(pictured: Olga Bitel)
The “financialisation” of commodities over the past 10 years, especially energy, has led to a high correlation between the performance of banking stocks and the oil price. As the oil price tumbled, so did banking stocks. But nothing has fundamentally changed about the world to cause the global market selloff of the past two months.
Olga Bitel, economist at William Blair & Co, the Chicago-based global manager, told a Centre for Investor Education conference in Australia last week that the recent profound selloff was not due to any worsening outlook for global growth.
In an interview after the conference, she said: “The [positive] trends are still with us. In the US, most of the deceleration is due to energy. Manufacturing is stable… Retail sales in Europe are the highest they’ve been in a decade… Because of the massive changes in Japan it’s hard to see any short-term trends there. But the developed markets are doing quite well.”
With developing markets, activity is still “hovering around contraction” but the trend had been up since the second-half of last year, Bitel said. “So we are quite comfortable about the near-term growth prospects. There is no new information to have motivated the sell-off.”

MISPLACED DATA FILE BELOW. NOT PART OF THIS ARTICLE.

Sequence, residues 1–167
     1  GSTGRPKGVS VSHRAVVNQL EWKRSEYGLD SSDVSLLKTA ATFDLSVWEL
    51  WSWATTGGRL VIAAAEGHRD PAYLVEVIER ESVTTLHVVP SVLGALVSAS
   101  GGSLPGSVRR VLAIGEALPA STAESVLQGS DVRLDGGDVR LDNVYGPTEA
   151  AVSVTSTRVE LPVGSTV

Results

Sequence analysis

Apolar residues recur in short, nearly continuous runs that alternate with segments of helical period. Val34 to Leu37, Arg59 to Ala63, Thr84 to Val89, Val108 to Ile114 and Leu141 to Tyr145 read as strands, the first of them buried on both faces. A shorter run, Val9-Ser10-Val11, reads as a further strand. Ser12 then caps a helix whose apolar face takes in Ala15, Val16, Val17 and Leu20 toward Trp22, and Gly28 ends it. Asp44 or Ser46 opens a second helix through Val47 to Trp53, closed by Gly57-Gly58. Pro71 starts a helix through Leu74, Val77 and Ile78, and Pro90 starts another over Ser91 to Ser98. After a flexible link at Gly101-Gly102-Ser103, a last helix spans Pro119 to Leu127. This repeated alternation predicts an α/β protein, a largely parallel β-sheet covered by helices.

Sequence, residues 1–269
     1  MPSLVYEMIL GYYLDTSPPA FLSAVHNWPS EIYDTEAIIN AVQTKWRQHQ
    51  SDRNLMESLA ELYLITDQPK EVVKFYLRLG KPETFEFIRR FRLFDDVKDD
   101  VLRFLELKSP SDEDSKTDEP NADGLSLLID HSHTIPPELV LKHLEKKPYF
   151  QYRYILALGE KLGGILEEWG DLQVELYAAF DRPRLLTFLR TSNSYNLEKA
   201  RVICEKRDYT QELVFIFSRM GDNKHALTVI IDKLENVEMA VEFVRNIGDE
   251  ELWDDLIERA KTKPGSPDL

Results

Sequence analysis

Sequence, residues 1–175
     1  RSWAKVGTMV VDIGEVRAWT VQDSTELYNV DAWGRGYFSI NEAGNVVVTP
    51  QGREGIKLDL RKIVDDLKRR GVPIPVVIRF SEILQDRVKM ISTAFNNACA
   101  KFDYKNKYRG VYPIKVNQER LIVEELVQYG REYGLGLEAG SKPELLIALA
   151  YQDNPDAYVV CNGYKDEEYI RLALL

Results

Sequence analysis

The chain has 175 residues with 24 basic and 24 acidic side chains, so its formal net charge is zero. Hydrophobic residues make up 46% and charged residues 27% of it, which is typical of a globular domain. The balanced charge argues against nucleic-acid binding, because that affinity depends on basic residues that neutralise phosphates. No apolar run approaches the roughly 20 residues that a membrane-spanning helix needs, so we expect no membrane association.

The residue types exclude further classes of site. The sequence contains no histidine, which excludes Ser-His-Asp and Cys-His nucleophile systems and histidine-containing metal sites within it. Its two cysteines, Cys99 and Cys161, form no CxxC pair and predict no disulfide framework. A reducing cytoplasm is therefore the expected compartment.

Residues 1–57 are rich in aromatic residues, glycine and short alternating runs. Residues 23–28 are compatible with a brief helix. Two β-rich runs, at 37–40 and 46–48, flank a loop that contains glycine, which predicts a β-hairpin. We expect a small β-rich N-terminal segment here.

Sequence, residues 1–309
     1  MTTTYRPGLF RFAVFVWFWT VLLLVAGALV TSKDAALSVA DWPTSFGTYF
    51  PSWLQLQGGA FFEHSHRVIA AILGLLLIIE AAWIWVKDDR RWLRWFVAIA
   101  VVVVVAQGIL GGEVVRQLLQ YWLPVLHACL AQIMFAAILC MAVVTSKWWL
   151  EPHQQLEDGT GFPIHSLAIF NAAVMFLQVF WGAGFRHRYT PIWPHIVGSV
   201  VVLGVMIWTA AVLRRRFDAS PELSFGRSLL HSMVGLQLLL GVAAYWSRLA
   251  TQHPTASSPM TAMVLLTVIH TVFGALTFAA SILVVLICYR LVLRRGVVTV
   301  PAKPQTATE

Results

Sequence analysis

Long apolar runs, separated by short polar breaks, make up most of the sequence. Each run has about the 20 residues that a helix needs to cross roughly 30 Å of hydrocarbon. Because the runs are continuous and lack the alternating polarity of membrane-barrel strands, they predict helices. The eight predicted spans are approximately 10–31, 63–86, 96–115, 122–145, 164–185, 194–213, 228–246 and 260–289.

With the banks and oil, she pointed out that the number of contracts for crude oil futures on US exchanges had quadrupled in the past 10 years, due to increasing activity by fund managers, hedge funds and derivatives traders. Some of the sell-off had been due to the hedges in energy.
William Blair is also reasonably comfortable with China’s prospects, as the slowdown there enters its fifth year.
“There are nuances with the GDP number,” Bitel said. “And growth is still double or triple the growth of developed markets.”
She said that there were two economies going on in China, reflecting its continued transition from a manufacturing to a more-services orientated economy. As an example was the growth in cinema attendance, which was growing fast enough to generate gains an aggregated level. This was an industry which virtually did not exist 10 years ago.
And the best place to look for that transformation was Australia, where we have had to react also. Australia’s services exports eclipsed metals and minerals last year for the first time since 2009. Agriculture was also benefitting with agriproduct exports doubling over the past five years, helped by China’s expanding middle class and increasing consumption of protein, including dairy. There was a similar pattern in education exports, Bitel said.